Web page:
Tuesday, May 31, 2011

$69.99 AT&T Offering Could Boost Smartphone Adoptions


A $69.99 deal for a Pantech Crossover smartphone from AT&T with a two-year contract and data plan could encourage U.S. feature-phone users to move to smartphones. While AT&T is targeting first-time buyers, it also may hope to attract consumers from low-cost T-Mobile. That could ease AT&T's purchase of T-Mobile -- or make AT&T more competitive.

AT&T Relevant Products/Services said Tuesday it will launch a new Android-based smartphone Relevant Products/Services on June 5 that will be priced at $69.95 when buyers sign up for a two-year service Relevant Products/Services contract and a minimum monthly data Relevant Products/Services plan. The new Pantech Crossover's surprisingly low price suggests the U.S. mobile Relevant Products/Services market may be on the verge of a major sea change.

According to Gartner Relevant Products/Services, global Relevant Products/Services smartphone shipments accounted for 23.6 percent of mobile handset sales overall in the first quarter -- an increase of 85 percent year on year. The U.S. market, however, may already be approaching the tipping point at which smartphones become the majority device Relevant Products/Services segment, just like laptops eventually did with desktop Relevant Products/Services PCs.

"In the U.S., I expect that [either] 2011 or 2012 will be the year that smartphones outsell feature phones," said Lisa Pierce, an independent analyst at the Strategic Networks Group. "As for the installed base, [it] will take until 2013-2014 for smartphones to [become] the majority of phones used."

Attracting First-Time Buyers

The Crossover sports a slide-out keyboard, a 3.1-inch touchscreen, a 600-MHz processor, and a three-megapixel camera with camcorder. Based on the Android 2.2 platform, the smartphone has access Relevant Products/Services to the latest social-networking apps Relevant Products/Services, games and other software Relevant Products/Services from the Android Market, and also ships with the AllSport GPS app as well as mobile hot-spot support Relevant Products/Services.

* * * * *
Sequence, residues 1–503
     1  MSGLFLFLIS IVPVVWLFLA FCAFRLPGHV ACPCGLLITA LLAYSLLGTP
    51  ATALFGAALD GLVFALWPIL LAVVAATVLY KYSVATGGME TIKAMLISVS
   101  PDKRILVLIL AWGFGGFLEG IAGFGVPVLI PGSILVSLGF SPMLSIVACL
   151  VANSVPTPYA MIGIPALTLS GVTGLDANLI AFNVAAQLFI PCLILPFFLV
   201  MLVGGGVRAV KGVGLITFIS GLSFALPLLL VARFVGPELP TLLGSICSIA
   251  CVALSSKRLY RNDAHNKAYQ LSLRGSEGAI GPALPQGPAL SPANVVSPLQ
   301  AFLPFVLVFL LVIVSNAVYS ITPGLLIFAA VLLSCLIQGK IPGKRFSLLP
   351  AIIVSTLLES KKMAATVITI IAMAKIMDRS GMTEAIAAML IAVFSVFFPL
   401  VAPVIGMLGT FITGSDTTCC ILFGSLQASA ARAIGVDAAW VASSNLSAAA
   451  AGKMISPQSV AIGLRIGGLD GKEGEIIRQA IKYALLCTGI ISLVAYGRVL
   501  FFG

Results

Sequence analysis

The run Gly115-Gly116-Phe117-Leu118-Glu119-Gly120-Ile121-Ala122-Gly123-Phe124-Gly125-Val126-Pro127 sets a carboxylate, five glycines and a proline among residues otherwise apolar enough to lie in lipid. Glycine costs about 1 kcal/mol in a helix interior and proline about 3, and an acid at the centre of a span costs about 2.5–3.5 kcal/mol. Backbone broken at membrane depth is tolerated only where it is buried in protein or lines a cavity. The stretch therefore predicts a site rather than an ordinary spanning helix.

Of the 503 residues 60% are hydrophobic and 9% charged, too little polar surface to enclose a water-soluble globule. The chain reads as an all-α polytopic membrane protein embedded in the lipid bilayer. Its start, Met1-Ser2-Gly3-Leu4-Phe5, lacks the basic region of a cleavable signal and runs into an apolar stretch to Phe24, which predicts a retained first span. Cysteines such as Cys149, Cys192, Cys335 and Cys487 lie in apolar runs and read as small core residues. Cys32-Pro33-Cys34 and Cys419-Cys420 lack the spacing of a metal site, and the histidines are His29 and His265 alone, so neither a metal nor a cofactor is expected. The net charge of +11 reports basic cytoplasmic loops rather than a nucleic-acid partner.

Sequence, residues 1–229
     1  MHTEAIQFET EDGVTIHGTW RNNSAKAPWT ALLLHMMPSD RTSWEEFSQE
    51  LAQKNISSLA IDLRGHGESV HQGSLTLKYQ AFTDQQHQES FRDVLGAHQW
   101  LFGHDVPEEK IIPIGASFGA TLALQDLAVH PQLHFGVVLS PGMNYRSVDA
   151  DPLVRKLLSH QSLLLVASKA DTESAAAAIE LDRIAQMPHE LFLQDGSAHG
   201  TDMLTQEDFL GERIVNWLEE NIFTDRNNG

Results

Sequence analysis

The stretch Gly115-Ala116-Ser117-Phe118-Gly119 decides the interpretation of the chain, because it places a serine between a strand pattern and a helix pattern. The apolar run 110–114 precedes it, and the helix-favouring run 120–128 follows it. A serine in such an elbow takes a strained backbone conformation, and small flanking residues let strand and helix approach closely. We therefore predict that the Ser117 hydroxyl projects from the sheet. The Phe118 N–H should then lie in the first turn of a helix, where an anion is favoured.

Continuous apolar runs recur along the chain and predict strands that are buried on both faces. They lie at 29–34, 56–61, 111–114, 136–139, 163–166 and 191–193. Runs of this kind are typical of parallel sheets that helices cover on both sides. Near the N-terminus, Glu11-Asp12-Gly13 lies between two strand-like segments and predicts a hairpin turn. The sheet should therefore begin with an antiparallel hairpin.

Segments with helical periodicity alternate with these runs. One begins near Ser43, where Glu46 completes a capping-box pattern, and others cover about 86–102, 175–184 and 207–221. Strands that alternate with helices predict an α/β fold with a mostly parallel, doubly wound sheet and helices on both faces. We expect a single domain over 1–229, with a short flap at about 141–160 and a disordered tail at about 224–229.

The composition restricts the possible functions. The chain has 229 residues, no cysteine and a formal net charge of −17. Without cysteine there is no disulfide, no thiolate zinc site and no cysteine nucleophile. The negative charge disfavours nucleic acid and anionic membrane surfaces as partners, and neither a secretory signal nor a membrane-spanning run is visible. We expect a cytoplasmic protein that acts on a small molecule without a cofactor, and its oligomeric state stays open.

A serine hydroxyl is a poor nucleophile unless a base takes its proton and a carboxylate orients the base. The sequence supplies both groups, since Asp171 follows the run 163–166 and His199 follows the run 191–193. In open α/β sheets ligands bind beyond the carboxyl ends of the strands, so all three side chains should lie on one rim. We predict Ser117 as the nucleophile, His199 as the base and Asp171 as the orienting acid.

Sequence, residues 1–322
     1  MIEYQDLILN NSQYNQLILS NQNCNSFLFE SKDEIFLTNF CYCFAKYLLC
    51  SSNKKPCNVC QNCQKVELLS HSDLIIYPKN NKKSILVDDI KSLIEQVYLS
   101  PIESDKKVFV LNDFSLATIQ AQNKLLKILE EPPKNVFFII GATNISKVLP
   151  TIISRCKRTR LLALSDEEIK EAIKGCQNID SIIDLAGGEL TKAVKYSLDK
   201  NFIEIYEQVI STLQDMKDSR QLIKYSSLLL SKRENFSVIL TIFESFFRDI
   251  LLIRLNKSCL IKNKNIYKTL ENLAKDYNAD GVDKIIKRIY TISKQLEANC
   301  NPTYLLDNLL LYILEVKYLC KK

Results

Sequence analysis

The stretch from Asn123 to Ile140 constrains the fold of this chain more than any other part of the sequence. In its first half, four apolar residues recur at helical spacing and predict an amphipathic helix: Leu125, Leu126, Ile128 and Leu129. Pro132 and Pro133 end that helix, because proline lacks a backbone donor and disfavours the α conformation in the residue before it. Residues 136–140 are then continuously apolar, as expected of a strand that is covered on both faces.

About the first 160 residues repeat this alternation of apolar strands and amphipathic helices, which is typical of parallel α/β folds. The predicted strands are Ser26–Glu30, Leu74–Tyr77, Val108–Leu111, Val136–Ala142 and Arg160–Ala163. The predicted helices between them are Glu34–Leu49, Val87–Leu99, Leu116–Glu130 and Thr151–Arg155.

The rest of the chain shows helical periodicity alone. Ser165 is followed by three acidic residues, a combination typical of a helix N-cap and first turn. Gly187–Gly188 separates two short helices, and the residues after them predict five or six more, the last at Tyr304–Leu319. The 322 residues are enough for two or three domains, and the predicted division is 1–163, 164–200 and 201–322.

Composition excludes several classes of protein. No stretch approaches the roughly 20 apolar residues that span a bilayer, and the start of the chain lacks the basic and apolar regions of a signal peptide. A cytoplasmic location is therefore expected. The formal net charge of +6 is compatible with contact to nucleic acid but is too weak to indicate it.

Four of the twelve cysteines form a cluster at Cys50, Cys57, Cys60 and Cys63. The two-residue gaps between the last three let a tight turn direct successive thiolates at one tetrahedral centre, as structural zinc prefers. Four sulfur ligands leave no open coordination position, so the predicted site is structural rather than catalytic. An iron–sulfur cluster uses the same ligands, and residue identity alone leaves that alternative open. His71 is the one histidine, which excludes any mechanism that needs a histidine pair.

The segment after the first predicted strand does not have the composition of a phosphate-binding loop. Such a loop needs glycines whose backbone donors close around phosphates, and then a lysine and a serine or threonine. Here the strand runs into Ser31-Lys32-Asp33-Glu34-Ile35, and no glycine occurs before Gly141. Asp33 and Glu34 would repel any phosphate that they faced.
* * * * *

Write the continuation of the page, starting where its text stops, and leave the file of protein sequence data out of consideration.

Subscribers who sign up for an AT&T tethering plan will be able to connect Relevant Products/Services as many as five Wi-Fi-enabled devices to the new smartphone. What's more, Crossover users with qualifying data plans will gain unlimited access to AT&T's Wi-Fi hot-spot network Relevant Products/Services, the company said.

AT&T is clearly pitching the Crossover at price-conscious first-time buyers who have been waiting for smartphone offerings to become more affordable. For this marketing tactic to work, however, carriers still need to encourage families to share Relevant Products/Services data plans as they currently share voice plans, with small add-ons for each family member, Pierce observed.

"I don't think a surge in smartphone purchases necessarily means that 3G/4G usage will climb in lockstep," Pierce said. "Many parents limit the range of applications available to their children -- and thus also limit their usage of mobile data services."

A Strategic Move

The Crossover's low introductory price suggests AT&T is subsidizing the new smartphone for a strategic reason. Pierce speculates the wireless Relevant Products/Services carrier's goal may be to attract consumers who would naturally gravitate toward T-Mobile. If successful, she said, this could help AT&T accomplish two things.

"On a superficial level, it could appear to take some of the wind out of the sails of merger opponents who say AT&T will kill off -- versus continue to sell -- low-price offers," Pierce explained. "If the merger doesn't go through, AT&T has acquired more share," she said, with T-Mobile emerging as a weaker player with "an even smaller share" of the U.S. mobile market.

In the global market, low-cost cell-phone shipments are expected to remain the dominant force for years to come -- especially in emerging markets where standard mobile phones with basic texting capabilities are available in the $20 to $25 price range.

"For a variety of reasons, U.S. smartphone/mobile data-usage trends play out in just a few countries," Pierce said. "Most countries won't be emulating these trends anytime soon."

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